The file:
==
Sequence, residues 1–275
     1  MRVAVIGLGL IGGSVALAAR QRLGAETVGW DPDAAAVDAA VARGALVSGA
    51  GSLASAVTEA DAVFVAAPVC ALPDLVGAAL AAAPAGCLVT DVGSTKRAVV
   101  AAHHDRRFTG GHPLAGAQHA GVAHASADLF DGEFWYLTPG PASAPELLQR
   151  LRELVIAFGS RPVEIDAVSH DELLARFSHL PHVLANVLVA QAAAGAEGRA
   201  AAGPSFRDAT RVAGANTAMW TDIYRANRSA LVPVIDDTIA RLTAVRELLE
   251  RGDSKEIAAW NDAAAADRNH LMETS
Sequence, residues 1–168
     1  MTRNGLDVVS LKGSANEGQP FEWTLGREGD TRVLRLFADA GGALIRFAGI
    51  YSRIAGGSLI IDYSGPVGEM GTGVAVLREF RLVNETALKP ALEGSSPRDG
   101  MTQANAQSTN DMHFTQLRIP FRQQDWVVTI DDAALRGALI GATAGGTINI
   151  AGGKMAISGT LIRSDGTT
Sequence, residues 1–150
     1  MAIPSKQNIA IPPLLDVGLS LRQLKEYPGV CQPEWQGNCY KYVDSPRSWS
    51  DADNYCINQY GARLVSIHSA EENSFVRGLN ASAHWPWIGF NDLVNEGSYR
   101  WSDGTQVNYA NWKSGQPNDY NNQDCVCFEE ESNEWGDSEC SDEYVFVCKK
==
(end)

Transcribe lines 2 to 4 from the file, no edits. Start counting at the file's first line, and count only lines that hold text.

     1  MRVAVIGLGL IGGSVALAAR QRLGAETVGW DPDAAAVDAA VARGALVSGA
    51  GSLASAVTEA DAVFVAAPVC ALPDLVGAAL AAAPAGCLVT DVGSTKRAVV
   101  AAHHDRRFTG GHPLAGAQHA GVAHASADLF DGEFWYLTPG PASAPELLQR